Chinese courts on Friday took up two cases followed closely by international human rights watchdogs, with judges upholding a life sentence for an outspoken scholar convicted of separatism and a trial beginning for a veteran journalist charged with leaking state secrets.
Ilham Tohti, an economics professor and outspoken advocate for minority Uighurs, failed in his bid to overturn a life sentence handed to him in late September. The court did not grant a hearing, instead simply reading a prepared written statement of its final verdict to him in the detention center in Urumqi, the capital of Xinjiang province, where he is being held, his lawyer, Liu Xiaoyuan, said in a phone interview.
Liu said he met with Tohti on Monday in Urumqi. According to Liu, Chinese law allows courts to simply issue a written decision in an appeal if judges believe that the facts were clearly presented in the first trial. The life sentence for Tohti has been widely denounced by human rights groups as excessively harsh.
"We still have many questions about the evidence presented in Tohti's first trial," Liu said. "He only posted some comments on Chinese government's ethnic policies through articles on his website. He was not involved in nor triggered any separatist activities. But the court refused to explain why they would not allow another hearing in the appeal."
Under Chinese law, a defendant is only given one chance to appeal to a higher level court, which means Tohti's sentence is now final.
Meanwhile, Gao Yu, a dissident journalist known for supporting Chinese students' protests in Tiananmen Square in 1989, was put on trial at the Third Intermediate People's Court in Beijing.
Gao, 70, has been charged with leaking state secrets after authorities said she passed "Document No. 9" -- a set of internal ideological guidelines distributed to Communist cadres last year by the Party's Central Committee -- to overseas media including the Chinese-language website of German broadcaster Deutsche Welle.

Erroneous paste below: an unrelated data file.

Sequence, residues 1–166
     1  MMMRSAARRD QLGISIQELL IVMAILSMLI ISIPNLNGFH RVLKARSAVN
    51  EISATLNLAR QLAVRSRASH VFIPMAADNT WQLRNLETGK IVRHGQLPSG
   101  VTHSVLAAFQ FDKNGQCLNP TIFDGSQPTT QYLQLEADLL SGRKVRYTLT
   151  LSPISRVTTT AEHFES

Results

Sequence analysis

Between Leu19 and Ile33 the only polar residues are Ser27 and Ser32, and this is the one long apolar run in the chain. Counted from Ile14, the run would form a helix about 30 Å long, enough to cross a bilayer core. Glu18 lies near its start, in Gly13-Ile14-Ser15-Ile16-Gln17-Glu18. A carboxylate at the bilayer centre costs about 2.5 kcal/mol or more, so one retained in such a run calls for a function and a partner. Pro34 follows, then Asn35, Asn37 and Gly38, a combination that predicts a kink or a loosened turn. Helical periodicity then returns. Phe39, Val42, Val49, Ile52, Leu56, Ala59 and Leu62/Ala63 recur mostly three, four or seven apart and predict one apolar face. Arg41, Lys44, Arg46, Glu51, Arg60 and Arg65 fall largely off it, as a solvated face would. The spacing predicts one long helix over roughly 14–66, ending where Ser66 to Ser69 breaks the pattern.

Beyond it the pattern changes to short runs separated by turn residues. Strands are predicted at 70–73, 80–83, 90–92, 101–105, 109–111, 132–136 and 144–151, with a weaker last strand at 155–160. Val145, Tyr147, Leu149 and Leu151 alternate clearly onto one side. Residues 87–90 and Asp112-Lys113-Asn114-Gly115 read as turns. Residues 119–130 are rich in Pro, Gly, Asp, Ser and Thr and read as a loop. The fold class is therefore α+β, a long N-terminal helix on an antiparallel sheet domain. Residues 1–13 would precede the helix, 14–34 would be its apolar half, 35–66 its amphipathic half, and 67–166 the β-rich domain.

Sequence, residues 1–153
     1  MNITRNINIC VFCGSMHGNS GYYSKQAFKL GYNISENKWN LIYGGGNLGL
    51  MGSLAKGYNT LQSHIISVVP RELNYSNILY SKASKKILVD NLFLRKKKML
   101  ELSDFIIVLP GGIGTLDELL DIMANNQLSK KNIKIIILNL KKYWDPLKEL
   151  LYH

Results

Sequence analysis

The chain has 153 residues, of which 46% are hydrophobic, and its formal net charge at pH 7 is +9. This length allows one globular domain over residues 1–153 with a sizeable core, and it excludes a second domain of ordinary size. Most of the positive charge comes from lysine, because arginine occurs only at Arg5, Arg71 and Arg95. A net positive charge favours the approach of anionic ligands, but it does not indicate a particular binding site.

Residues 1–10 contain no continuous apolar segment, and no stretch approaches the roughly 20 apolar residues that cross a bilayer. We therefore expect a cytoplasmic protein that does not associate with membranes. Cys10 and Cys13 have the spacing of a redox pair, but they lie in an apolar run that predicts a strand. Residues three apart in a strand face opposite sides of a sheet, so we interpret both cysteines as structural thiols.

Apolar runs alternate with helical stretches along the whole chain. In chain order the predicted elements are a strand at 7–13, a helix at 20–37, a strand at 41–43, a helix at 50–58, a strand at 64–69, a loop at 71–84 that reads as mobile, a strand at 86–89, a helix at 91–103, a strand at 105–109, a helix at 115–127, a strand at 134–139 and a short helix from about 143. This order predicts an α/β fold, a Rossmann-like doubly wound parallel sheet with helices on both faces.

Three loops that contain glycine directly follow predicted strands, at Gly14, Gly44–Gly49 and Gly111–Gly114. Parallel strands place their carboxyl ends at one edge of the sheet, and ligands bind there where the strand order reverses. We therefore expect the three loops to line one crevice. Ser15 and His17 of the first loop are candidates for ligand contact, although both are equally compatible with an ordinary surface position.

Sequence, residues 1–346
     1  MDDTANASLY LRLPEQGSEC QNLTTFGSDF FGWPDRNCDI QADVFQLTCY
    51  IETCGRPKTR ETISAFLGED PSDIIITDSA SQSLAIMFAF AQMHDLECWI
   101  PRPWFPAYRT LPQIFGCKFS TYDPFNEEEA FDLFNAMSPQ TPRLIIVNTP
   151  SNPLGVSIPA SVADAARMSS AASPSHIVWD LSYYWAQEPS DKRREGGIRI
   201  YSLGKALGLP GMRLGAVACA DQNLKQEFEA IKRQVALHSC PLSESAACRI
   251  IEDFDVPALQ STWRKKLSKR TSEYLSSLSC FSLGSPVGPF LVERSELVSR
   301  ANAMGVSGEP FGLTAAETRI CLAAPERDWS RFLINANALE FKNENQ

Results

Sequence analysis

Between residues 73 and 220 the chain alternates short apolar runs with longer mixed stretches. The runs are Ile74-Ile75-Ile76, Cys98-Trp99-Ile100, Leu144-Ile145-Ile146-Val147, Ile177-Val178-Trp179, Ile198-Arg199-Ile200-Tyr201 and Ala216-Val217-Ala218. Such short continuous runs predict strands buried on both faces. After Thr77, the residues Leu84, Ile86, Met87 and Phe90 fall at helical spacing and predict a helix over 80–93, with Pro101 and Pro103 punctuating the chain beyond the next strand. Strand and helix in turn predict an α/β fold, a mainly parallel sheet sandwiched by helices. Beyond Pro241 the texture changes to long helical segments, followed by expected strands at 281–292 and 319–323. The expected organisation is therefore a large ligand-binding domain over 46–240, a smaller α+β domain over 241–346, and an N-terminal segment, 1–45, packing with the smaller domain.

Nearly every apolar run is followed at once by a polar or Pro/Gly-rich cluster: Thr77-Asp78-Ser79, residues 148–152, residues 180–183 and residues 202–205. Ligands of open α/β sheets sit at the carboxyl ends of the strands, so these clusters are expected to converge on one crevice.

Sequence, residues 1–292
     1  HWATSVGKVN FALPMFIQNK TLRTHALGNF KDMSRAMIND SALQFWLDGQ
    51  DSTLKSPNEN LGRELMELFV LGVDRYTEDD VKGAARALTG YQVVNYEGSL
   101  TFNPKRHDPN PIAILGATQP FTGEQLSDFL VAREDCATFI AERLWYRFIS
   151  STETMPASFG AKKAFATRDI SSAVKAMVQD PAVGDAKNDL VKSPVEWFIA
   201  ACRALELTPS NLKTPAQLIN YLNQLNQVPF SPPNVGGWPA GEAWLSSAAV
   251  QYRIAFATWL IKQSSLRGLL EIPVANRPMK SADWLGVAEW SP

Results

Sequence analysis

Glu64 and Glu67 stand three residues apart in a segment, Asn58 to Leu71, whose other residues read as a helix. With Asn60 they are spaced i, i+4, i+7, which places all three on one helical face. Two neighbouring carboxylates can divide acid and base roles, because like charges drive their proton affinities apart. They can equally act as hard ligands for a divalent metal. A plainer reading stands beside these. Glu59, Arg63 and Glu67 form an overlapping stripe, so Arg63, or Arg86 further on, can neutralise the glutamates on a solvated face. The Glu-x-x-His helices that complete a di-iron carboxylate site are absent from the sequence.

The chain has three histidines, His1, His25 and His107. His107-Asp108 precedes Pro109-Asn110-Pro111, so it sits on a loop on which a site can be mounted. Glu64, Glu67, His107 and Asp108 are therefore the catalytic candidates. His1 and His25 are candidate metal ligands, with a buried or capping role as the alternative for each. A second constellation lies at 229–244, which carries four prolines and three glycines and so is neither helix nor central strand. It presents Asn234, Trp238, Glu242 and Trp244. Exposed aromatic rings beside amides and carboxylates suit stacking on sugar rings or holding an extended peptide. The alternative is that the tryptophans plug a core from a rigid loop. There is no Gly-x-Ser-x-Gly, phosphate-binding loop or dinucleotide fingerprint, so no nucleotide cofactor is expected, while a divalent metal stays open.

China Central Television, the state broadcaster, aired a recorded confession by Gao in early May during which she admitted breaking the law. In the video, Gao was wearing an orange prison vest, and her face was digitally blurred.
Gao's lawyer, Mo Shaoping, said she confessed under duress, hoping to protect her son from criminal charges, the U.S.-based Chinese language website Boxun reported.
After Gao was arrested in April, her son was also taken into police custody, then released on bail. Gao insisted that she didn't know the interrogation was being recorded and that it would be broadcast on national TV, Mo added, saying the confession was obtained illegally and should not be used as evidence against her in court.
Gao pleaded not guilty in Friday's closed-door hearing, Chinese activist Su Yutong said in an update on her Twitter account. A verdict was not immediately forthcoming.
Gao's family members, including her brother and her son, were not allowed to attend the trial. Foreign journalists were barred from the courtroom and were chased away by police when some tried to report from outside the courthouse in north Beijing.
In a third case that has drawn the scrutiny of watchdogs, Mo told the South China Morning Post that the case of another human rights lawyer, Pu Zhiqiang, is moving toward trial, with two more charges -- subversion and inciting radical hatred – apparently being brought against him.
The Communist Party has been emphasizing "the rule of law" in China in recent months and pledged reforms to improve the judicial system during a high-level, four-day meeting in late October. But authorities have taken a harsh line with dissidents and activists, and lawyers complain that their clients have been denied fair trials.
Human rights groups have condemned the proceedings against Tohti and Gao.
“Trials of two leading activists on Friday will lay bare the Chinese authorities’ duplicity over the rule of law,” London-based
"If Gao Yu and Ilham Tohti were to receive genuinely fair hearings, the charges against them would be dismissed as blatant political persecution," added William Nee, China researcher at Amnesty Internationa;.
Meanwhile, New York-based
Beijing-based attorney Li Xiongbing said he regarded the recent moves by Chinese authorities to actually press specific charges against political dissidents and conduct trials under the guise of "rule of law" as a step backward for the legal system.
"Before when they detained the activists without any formal charges, at least they didn't bring their dirty politics into China's legal system," said Li, who represented Chinese human rights lawyer Gao Zhisheng. Gao was recently released following a years-long prison term.
"Now, with all those formal trials against the activists and harsh sentences against them, they have removed the last shred of dignity from the country's legal system."